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AVIATION SECURITY

THURSDAY, APRIL 13, 1989

U.S. Senate,

Committee On Commerce, Science, And Transportation,

Subcommittee On Aviation,

Washington, DC.

The subcommittee met at 9:33 a.m. in Room SR-253, Rayburn Senate Office Building, Hon. Wendell H. Ford (chairman of the ■ subcommittee) presiding.

Staff members assigned to this hearing: Steve Palmer, senior professional staff member; Carol Carmody, professional staff member; and John Timmons, minority staff counsel.

OPENING STATEMENT BY SENATOR FORD

Senator Ford. Good morning, ladies and gentlemen.

The devastation of Pan Am Flight 103 over Scotland last December and the resulting loss of 270 innocent lives has focused the attention of air travelers throughout the world on the importance of airport and airline security. With that one swift blow, unknown assailants—and we may know this morning who they are—have called into question our ability to deter terrorist acts against both the U.S. government and its citizens.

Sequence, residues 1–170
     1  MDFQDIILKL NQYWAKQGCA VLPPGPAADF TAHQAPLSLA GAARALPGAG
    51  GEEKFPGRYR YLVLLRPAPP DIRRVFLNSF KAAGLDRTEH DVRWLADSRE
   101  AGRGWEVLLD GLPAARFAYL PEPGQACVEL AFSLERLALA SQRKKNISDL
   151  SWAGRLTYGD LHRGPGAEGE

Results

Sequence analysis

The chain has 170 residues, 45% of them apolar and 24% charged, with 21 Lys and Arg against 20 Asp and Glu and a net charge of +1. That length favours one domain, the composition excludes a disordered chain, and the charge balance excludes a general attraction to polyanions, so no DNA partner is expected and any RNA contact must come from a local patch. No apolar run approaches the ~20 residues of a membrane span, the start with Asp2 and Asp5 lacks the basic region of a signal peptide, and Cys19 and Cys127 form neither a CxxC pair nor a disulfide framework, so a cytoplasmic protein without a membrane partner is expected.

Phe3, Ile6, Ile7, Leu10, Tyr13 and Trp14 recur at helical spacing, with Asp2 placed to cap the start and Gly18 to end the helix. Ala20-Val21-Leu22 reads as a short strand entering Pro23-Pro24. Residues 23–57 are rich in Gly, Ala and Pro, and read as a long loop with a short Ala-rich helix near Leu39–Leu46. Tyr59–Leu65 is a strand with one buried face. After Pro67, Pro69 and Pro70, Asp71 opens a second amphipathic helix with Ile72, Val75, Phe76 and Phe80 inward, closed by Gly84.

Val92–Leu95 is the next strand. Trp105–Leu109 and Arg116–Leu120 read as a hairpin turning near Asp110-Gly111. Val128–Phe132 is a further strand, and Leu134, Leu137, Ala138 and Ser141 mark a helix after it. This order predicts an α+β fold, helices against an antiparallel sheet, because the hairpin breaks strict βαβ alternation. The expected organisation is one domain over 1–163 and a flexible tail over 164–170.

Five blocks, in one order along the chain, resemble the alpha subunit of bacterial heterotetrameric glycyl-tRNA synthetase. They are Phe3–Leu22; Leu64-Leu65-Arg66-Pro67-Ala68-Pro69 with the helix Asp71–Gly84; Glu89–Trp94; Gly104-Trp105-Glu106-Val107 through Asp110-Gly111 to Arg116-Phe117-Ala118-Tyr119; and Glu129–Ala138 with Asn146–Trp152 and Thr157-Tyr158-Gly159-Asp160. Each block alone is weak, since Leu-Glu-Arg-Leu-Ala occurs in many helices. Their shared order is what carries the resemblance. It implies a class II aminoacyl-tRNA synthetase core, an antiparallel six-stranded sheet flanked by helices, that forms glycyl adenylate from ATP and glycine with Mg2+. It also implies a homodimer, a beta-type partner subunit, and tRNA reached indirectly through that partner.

The Pan Am 103 incident has also focused the attention of this Senator. As Chairman of the Aviation Subcommittee, I believe we need to take whatever steps are necessary to ensure that the United States is capable of preventing a tragedy such as the Pan Am 103 incident from ever happening again.

Some will argue that it is impossible to stop every threat to our air transportation system. But we must strive to accomplish that objective. That is what our hearing is about today.

From this day forward, we must work to develop procedures and technology to assure that we will be capable of stopping terrorist acts in the 1990's. In the past, our aviation security systems have been developed in reaction to earlier acts of terrorism.

We must begin to act positively, to create forward-looking airport and airline security system capable of meeting the challenges of the coming decade.

In the weeks following the Pan Am incident, Transportation Secretary Skinner and the Federal Aviation Administration acted quickly to announce passenger and baggage screening procedures designed to minimize the chance of a future act aboard a U.S. air carrier. And again last week, additional actions were announced relative to the placement of explosive detection devices, treatment

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of FAA security bulletins, and location of additional security personnel.